TMCnews Featured Article
September 11, 2012
Telecom Platform Deployment Gets a Boost from Sandy Bridge Processors
By Susan J. Campbell, TMCnet Contributing Editor
Application developers continue to focus on bringing to market those solutions that meet the needs of business users. The challenge lies not in finding applications that will accommodate the typical business environment but rather the right computer technology that will support the computing requirements of the application. Now that telecom platform deployment is a part of business computing, the scope of any project must utilize a comprehensive approach.
As highlighted in this NEI (News - Alert) blog post, Intel (News - Alert) began development of the Sandy Bridge microarchitecture in 2005, and beginning in January 2011, computer users starting raving about the Xeon Sandy Bridge that has replaced the Nehalem microarchitecture. The E5 family processor also affects telecom platform deployment.
Advanced Telecommunications Computing Architecture (AdvancedTCA (News - Alert)) platforms are likely to see a boost in applications running on them through the use of the E5 family. While the Xeon was fast, the new E5-2600 chips include eight cores of processing power that deliver a 55 percent faster performance than the Xeon 5600. Telecom platform deployment and enterprise markets will benefit greatly from these increased speeds.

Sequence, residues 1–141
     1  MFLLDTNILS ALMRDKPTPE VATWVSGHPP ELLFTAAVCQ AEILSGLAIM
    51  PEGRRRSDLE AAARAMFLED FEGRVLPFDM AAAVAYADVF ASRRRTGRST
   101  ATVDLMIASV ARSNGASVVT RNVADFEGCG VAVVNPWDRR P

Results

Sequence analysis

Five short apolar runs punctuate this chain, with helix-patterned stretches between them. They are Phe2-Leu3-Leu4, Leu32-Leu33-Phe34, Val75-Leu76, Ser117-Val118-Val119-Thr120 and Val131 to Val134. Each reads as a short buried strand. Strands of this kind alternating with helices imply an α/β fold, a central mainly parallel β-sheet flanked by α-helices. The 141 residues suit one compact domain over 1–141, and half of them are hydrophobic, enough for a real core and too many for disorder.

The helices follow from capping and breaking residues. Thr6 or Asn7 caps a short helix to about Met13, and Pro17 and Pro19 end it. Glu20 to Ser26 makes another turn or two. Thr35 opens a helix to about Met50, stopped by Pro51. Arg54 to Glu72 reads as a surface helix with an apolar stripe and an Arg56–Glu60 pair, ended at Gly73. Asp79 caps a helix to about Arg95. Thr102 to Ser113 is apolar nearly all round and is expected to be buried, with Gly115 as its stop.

E5 also addresses concerns over greater efficiency, delivering 70 percent better performance per watt than any of its predecessors. With this kind of performance, it easily meets the power specifications outlined by AdvancedTCA.Considered one of its biggest attributes by some telecom experts is the E5’s ability to increase bandwidth while reducing latency. Telecom platform deployment will also be greatly enhanced through the E5’s functionality in reducing bottlenecks. Intel has developed a PCI (News - Alert)-Express 3.0 with 40 lanes in each processor.
Throughput is increased through the Quickpath Interconnect, which also reduces the I/O latency by around 30 percent. A dual-processor unit creates even greater improvements in telecom platform deployment by opening up 80 lanes, which can bring gains of 200 percent in throughput over what was previously achieved.
Each blade in the new system can deliver speeds of 10Gb per node, which means applications related to wireless video would finally get the speeds they need to deliver the experience users want. The E5 is also bringing more muscle to the game in the way of memory upgrades. Enterprise servers using 24 slots can get up to 768 Gb of memory. Smaller motherboards will see an increase of up to 256 Gb in their 16 slots.
According to a recent study, the E5-2600 family has caught the eye of many companies who plan to bring the processor onboard. Roughly one third of companies will be using the E5 within a year. Of the companies involved in telecom platform deployment, about 35 percent will be implementing the E5. Data storage companies and security companies look to be the largest adopters early on with around 68 percent bringing the E5 onboard within the next two years, followed by about 60 percent of telecoms expecting to run on the E5 in the next two years as well.
As the demand for greater functionality and multimedia on the go continues to grow, companies are taking a closer look at telecom platform deployment and how it fits into their overall strategy. With access to Sandy Bridge, the experience is likely to get much more exciting.
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Edited by Jamie Epstein